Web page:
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The Resurrection of Kevin Rudd

John Lee

Former Australian Prime Minister Kevin Rudd has just received the rare gift that all politicians cherish: a second chance. Named foreign minister by Prime Minister Julia Gillard Saturday, Mr. Rudd will regain both domestic political standing and an expanded international role. That may be good for his career, but may not be for Australia or its neighbors. As far as Asia is concerned, Mr. Rudd is damaged goods from his time as prime minister and Australian diplomats are still mopping up his mistakes in the region.

Mr. Rudd’s track record in foreign policy is decidedly mixed. His most notable success as prime minister was to help establish the Group of 20 as a pre-eminent global forum and to secure Australia a prominent voice in it. Mr. Rudd also didn’t lack big ideas to ramp up Australia’s “middle-power” activism in the region. He floated the idea of a new body, called the Asia-Pacific Community, as a way to transform existing multilateral institutions.

Along the way, however, Mr. Rudd alienated Australia’s most important regional democratic allies. On a bilateral level, he initially courted China rather than continue the previous administration’s focus on Japan and India. The deterioration in relations was exacerbated by an early decision to reverse plans to sell uranium to India and his subsequent threat to take Japan to the International Court of Justice over its whaling practices.

The fallout wasn’t restricted to Asia’s big powers. Mr. Rudd didn’t consult the 10-member Association of Southeast Nations before floating his idea of an Asia Pacific Community. That blunder antagonized long-standing partners such as Singapore and burgeoning ones such as Indonesia.

Ultimately, pandering to China didn’t pay off either. Beijing’s mandarins took Mr. Rudd’s advances as a sign that Canberra was moving closer to its political sphere of influence. When Mr. Rudd pushed back, China responded by locking up Rio Tinto executive and Australian citizen Stern Hu in Shanghai without due process; denouncing Australia’s defense white paper, which identified China as a potential security threat; and criticizing Australia’s apparently unwelcome attitude to Chinese foreign direct investment. Chinese-Australian relations haven’t been this fraught since the 1996 Taiwan Straits crisis.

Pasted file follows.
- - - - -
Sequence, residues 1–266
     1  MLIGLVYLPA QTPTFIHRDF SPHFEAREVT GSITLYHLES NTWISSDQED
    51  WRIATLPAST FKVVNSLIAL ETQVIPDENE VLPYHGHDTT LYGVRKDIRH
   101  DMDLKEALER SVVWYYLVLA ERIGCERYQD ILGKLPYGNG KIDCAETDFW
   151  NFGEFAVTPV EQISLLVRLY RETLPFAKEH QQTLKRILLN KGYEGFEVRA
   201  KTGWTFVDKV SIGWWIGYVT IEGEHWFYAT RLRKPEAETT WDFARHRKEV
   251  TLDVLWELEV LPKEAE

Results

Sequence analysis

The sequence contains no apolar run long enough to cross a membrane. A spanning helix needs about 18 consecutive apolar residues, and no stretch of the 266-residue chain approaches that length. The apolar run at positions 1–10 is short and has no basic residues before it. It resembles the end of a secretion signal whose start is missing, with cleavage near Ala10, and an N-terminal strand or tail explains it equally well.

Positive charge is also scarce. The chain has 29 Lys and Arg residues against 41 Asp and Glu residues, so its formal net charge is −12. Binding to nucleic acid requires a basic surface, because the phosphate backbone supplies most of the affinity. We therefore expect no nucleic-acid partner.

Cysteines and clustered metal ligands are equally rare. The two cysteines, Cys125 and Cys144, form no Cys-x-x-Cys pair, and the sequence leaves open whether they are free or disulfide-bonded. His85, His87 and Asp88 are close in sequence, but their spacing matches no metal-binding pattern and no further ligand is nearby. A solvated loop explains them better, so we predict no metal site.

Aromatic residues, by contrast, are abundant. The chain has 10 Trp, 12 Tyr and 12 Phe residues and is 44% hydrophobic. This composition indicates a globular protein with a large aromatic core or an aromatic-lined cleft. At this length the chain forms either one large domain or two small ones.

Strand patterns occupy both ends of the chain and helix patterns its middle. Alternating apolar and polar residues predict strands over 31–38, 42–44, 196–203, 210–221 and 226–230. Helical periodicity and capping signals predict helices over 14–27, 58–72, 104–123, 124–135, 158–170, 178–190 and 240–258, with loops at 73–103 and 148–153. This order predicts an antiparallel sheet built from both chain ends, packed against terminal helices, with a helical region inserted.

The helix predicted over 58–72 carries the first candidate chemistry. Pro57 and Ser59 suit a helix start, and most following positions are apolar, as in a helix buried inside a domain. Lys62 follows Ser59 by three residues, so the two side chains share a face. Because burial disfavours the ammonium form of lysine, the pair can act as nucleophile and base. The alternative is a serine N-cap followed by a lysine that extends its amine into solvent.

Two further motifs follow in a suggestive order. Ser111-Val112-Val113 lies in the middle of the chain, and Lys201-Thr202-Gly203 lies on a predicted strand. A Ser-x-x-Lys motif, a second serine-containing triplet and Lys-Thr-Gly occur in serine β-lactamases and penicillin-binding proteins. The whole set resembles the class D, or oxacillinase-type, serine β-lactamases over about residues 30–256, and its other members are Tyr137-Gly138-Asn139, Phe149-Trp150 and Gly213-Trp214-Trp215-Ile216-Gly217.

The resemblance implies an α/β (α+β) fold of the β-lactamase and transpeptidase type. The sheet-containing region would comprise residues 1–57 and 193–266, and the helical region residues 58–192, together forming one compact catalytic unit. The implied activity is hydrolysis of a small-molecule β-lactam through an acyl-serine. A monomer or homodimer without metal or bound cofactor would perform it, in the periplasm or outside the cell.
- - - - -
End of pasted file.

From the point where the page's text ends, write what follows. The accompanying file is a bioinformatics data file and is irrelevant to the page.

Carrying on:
The question now is whether Mr. Rudd has learned from his mistakes and will be a team player, or whether he plans to use his profile and foreign-policy experience to rebuild his leadership credentials for another tilt at prime minister. He will, from the start, be constrained by the Labor Party’s slim parliamentary majority, which was cobbled together with the Green Party and independent members.

But Mr. Rudd may ironically benefit from serving under a greatly diminished prime minister. Ms. Gillard and Labor’s power brokers underestimated the backlash from voters when they unseated Mr. Rudd from office in June, two months before the general election. Mr. Rudd’s home state of Queensland rallied to his cause, and Ms. Gillard was humiliatingly forced to publicly seek Mr. Rudd’s “endorsement” during the campaign. She reportedly struck a deal in which Mr. Rudd would receive the foreign affairs portfolio in any future Gillard government. Despite honoring the deal, the personal relationship between the prime minister and her foreign minister is close to irretrievably broken.

That may give Mr. Rudd a freer hand than usual to craft foreign policy on his own—something he is wont to do anyway. His background as a Mandarin speaking diplomat is unique in Australian politics. As prime minister, Mr. Rudd treated foreign affairs as his own personal domain. Ms. Gillard will have a hard time denying him that right, given her diminished political capital and lack of foreign-policy expertise or interest.

Mr. Rudd’s determination is redoubtable and his capacity for hard work is legendary. Australia could be witnessing the emergence of its most ambitious and energetic foreign minister since Gareth Evans held the post from 1988 to 1996. But emboldened by the circumstances of his political return, Mr. Rudd’s ambition for higher office at home may lead him to commit the same impetuous personal and policy mistakes that help bring him down as prime minister.

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